The union representing 4,000 registered nurses in Maine announced Wednesday that it supports a ballot effort to establish a publicly owned utility.

At a news conference in Portland, the Maine State Nurses Association said it supports Question 3 because it sees the reliable delivery of electricity as a matter of public health.

“It’s been proven that unreliable power truly hurts communities,” the union said in a statement. “Power loss has been linked to higher mortality rates, especially for our elders, due to a myriad of reasons. And Maine currently leads the nation in power outages.”

Backers of the referendum have promised better reliability and lower rates if the state takes over investor-owned utilities Central Maine Power and Versant and creates a public utility called Pine Tree Power. Those claims have not been verified by an analysis of the Maine Public Advocate.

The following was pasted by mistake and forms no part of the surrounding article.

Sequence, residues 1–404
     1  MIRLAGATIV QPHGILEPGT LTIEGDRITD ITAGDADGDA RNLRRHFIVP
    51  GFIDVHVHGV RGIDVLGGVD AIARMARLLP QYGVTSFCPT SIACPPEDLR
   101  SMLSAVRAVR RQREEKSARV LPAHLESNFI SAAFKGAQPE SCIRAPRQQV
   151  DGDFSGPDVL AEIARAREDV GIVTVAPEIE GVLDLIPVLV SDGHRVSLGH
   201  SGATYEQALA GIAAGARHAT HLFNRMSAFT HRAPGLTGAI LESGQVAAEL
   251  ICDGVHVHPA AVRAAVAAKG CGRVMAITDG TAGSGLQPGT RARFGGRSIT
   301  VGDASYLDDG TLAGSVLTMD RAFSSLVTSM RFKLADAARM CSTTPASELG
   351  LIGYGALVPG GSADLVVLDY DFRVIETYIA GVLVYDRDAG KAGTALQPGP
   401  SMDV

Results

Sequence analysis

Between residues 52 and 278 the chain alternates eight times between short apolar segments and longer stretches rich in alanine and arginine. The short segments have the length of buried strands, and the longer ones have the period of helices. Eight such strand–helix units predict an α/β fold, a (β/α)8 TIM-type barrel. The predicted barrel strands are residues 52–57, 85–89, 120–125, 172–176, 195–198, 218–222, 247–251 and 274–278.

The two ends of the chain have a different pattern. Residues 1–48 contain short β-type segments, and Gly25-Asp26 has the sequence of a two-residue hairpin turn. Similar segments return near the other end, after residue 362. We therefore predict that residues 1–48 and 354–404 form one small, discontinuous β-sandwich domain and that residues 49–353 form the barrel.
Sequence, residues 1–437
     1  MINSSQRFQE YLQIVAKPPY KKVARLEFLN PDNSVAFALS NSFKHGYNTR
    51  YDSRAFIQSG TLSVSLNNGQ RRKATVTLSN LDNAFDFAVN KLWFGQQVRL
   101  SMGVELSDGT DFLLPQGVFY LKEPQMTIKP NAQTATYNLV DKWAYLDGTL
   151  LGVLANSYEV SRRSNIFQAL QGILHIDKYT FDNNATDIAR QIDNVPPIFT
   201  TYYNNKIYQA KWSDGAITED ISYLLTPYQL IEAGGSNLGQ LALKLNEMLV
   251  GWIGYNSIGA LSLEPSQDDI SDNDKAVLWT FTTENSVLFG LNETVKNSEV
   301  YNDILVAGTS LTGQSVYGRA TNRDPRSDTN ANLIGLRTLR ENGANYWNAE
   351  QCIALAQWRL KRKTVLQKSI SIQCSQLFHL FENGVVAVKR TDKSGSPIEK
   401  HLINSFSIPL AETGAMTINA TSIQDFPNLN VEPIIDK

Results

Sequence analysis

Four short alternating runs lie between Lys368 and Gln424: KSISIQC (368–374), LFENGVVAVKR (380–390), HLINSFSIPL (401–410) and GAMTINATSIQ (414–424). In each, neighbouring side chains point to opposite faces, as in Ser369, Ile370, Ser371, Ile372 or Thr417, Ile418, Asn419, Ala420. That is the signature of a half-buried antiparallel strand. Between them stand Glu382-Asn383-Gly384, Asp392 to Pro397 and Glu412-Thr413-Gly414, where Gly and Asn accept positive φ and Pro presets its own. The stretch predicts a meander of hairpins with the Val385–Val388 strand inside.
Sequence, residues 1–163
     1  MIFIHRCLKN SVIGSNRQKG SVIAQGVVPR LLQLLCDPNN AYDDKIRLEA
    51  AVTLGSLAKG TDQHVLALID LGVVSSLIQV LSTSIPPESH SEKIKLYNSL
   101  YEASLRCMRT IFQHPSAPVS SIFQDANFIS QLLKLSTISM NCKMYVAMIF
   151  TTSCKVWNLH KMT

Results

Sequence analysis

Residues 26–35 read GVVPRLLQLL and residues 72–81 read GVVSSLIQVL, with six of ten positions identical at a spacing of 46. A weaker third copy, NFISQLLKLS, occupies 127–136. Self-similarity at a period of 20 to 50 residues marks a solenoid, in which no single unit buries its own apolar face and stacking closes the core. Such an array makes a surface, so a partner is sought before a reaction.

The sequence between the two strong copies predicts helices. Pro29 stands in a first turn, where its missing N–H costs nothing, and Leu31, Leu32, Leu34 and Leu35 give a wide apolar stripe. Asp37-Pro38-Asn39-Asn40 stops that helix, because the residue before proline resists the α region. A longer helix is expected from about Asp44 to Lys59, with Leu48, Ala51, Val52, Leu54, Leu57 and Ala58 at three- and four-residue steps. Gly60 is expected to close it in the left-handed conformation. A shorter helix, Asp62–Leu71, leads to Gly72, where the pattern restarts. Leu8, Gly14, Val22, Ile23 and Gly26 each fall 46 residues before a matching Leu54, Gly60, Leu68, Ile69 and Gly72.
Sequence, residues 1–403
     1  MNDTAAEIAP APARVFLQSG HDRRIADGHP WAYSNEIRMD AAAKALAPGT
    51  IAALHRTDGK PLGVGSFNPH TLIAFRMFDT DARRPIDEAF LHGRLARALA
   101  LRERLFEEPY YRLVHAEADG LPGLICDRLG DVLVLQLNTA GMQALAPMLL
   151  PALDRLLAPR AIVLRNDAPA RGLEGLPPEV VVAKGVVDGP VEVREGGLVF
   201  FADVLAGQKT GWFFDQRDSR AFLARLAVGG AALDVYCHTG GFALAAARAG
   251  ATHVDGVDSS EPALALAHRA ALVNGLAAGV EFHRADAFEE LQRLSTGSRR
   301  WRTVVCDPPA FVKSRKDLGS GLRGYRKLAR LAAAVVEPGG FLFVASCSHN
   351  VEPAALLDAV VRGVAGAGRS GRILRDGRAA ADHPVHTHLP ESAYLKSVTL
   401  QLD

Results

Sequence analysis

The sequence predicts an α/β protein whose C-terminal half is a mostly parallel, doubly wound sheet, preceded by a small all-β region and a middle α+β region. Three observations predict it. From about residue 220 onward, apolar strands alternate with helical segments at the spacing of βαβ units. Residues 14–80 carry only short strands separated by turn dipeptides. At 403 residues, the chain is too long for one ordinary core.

Unions are split on the Nov. 7 ballot measure. Jason Shedlock, regional organizer at the Laborers’ International Union of North America, which opposes the Pine Tree Power proposal, said Wednesday that he disagrees with the nurses union.

“I credit them 100% for independent thinking or whatever,” he said at an editorial board meeting of the Press Herald. “I think that their data is not one that I would rely on.”

The International Brotherhood of Electrical Workers and Maine AFL-CIO oppose the ballot measure. The union says utility workers would become public employees of a publicly owned utility and would be denied the right to strike. It also said utility workers could face less “fair and equitable” treatment, similar to what the union says Maine state employees experience.

The IBEW said Maine state troopers have had to “endure furloughs, skipping pay periods and partial funding for retirement.”

Backers of Pine Tree Power say the new utility, if approved by voters, will contract with a private company to operate the grid and the utility workers will remain private sector employees.

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